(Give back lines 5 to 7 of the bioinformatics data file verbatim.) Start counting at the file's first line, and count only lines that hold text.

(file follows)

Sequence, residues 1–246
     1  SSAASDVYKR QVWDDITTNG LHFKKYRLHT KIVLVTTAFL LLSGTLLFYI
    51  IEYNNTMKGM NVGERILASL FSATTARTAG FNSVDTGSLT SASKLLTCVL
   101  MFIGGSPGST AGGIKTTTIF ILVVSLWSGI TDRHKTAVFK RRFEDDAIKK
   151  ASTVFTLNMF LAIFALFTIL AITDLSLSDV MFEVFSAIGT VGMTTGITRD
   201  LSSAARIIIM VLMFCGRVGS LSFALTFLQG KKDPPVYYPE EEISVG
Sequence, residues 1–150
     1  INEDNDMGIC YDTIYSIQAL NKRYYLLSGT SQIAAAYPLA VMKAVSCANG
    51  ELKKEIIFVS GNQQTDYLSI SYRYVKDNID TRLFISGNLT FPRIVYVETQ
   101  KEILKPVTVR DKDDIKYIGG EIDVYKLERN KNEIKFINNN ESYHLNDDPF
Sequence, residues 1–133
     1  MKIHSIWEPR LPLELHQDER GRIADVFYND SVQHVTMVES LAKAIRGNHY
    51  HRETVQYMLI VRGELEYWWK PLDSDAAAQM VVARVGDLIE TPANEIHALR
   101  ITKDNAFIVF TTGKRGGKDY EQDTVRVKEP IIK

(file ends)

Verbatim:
   151  ASTVFTLNMF LAIFALFTIL AITDLSLSDV MFEVFSAIGT VGMTTGITRD
   201  LSSAARIIIM VLMFCGRVGS LSFALTFLQG KKDPPVYYPE EEISVG
Sequence, residues 1–150